Slater, Dan, Strong-State Democratization in Malaysia and Singapore, in: Journal of Democracy, Vol.23, No 2, April 2012, pp.19-33
Partyforumseasia: Starting with some “political archaeology” to describe the formation of strong states with a well- functioning bureaucracy and fiscal capacity, Slater compares the two countries with the Democratisation in Korea and Taiwan. There, he argues, the authoritarian strong-state tradition has helped to maintain political stability through the democratisation and beyond.
Saying that “The iron cages of authoritarian Leviathans (…) have by no means been dismantled” may sound somewhat far-fetched when applied to Malaysia and Singapore of today. And taking the bureaucracy of the two countries as equals raises doubts as well.
Slater describes the Korean and Taiwanese developments as middle-class voters turning conservative and abandoning their support for reform and democratisation “in the face of real or perceived threats to economic and political stability.” And he predicts similar patterns in Singapore and Malaysia, “accompanied by the same sort of party-system continuity, electoral conservatism, and persistent state capacity.”
Slater is right in highlighting for both countries the huge gap between exceptionally strong states and exceptionally weak oppositions. But it seems rather questionable when he continues that UMNO and PAP could stem the tide of opposition gains by upholding their old ways of coercive tactics. Neither UMNO nor the PAP would look so concerned about recent election wins of the opposition if they were sure that coercion still works as it did in the old days.
As much as the Pakatan Rakyat opposition coalition, though unstable in itself, may win the upcoming elections to be held by June 2013 and take over the federal government in Malaysia, this remains a pipe dream in Singapore. The Workers’ Party as strongest among a number of small and splinter parties even seems to be a bit insecure with its own success and declared after a by-election win in January how loyal an opposition it will be and that it is by no means prepared to take over the national government. Preventing exaggerated expectations is fine, but Slater’s assessment at the end sounds somewhat overdone, that Singapore’s opposition “…is extreme in only one respect – its pronounced moderation.”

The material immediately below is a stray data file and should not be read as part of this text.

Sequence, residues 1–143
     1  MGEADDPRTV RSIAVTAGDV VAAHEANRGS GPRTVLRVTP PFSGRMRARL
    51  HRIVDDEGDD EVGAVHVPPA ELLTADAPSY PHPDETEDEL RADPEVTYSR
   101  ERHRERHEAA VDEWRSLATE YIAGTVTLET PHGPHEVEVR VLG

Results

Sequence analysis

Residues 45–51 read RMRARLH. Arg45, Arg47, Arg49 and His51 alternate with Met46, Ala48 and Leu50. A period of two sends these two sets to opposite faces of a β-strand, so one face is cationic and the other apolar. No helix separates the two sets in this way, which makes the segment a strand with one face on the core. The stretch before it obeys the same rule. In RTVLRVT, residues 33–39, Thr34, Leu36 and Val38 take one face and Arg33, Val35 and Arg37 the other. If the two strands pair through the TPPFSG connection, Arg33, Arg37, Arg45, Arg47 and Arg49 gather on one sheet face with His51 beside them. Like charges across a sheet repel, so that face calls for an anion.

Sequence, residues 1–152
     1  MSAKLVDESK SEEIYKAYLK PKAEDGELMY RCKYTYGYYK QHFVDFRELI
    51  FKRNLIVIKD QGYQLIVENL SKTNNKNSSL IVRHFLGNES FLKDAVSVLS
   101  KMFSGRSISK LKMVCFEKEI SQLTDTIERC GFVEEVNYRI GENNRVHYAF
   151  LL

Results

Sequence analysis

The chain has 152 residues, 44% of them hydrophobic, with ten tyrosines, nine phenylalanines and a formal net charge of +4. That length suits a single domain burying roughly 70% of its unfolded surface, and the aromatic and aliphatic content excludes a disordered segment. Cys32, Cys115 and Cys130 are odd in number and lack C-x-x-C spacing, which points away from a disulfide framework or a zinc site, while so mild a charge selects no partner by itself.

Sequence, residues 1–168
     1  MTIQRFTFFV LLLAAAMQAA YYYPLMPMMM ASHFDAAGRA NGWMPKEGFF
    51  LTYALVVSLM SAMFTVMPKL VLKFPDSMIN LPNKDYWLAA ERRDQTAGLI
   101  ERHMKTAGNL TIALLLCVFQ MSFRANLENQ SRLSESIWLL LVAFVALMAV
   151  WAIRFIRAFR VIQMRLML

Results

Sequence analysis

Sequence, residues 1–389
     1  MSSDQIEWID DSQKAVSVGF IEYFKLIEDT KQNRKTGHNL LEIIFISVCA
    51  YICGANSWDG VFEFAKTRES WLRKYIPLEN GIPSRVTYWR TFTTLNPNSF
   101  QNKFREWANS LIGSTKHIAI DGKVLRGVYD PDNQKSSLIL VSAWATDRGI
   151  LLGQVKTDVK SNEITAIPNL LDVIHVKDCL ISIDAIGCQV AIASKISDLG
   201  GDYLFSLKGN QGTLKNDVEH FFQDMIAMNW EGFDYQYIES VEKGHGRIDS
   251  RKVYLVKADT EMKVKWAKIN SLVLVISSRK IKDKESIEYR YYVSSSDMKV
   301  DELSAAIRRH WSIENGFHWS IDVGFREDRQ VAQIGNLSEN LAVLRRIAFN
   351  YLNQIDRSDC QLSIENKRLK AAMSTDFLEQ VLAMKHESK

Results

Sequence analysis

Comparing East Asian with Southeast Asian developments certainly has its shortcomings. But Slater’s central point is interesting, that the state structures in Malaysia and Singapore (calling them Leviathans may be exaggerated) are strong enough to allow more political liberalisation and even a smooth change of government. The latter is not on the cards in Singapore and may not be so smooth in Malaysia.
Loosening up traditional repressive controls, Slater concludes, would not only be good for democracy, but also good for UMNO and the PAP themselves. While the PAP leadership still looks relatively relaxed, though alarmed, the Malaysian ruling coalition is obviously much more nervous before the upcoming elections. According to Talleyrand the farewell from power – and its spoils – is the most painful farewell in this world.
Partyforumseasia: The democratic era in Indonesia has seen quite a number of changes to party and election laws… and quite a number of creative adaptations to them by the political parties. Advertising in newspapers to recruit more candidates may be a rather unique exercise, though, probably a first world wide.
Straits Times, Singapore, is taking that up on 29 January 2013. Here is the link:
The article is quoting Yunarto Wijaya from Charta Politika in Jakarta on the ‘cash for candidacy problem’: “This is why we have this term ‘dowry’ where candidates pass money to party officials to ensure their names are on the list.”
Growing – and 4-fold is really ambitious – with the help of self-funding candidates may be a strategy many parties did not dare to dream of so far.
Partyforumseasia:The opposition frontrunner Workers’ Party scored big in the Punggol East by-election on 26 January 2013. The results: